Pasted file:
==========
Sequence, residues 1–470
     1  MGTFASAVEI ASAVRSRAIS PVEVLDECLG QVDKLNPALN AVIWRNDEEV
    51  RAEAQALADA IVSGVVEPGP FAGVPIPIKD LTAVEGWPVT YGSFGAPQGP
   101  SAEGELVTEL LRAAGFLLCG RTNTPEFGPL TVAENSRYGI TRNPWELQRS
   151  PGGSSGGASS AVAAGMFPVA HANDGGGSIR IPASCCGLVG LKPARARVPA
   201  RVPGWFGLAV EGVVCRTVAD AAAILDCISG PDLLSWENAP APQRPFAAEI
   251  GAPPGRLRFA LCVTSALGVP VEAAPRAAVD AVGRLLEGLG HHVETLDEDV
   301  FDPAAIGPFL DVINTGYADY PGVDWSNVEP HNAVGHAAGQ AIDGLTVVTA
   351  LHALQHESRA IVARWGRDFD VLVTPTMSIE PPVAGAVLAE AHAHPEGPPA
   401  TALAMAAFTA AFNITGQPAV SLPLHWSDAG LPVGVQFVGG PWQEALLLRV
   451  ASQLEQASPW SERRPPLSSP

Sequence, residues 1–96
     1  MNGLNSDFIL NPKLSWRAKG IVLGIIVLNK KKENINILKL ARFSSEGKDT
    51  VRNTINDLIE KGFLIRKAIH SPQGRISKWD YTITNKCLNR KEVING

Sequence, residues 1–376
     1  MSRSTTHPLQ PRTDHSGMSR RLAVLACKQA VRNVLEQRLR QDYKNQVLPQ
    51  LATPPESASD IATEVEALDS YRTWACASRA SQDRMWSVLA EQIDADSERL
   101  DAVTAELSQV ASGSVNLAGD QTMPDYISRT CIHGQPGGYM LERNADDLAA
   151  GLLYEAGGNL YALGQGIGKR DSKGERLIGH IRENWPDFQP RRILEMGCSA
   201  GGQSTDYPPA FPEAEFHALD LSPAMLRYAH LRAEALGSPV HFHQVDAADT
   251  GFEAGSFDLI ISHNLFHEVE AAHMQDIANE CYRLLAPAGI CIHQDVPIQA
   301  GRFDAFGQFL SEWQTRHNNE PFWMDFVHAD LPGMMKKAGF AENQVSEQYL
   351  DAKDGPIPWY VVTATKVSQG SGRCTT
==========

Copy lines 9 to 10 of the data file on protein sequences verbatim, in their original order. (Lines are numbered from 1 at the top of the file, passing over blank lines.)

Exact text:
   351  LHALQHESRA IVARWGRDFD VLVTPTMSIE PPVAGAVLAE AHAHPEGPPA
   401  TALAMAAFTA AFNITGQPAV SLPLHWSDAG LPVGVQFVGG PWQEALLLRV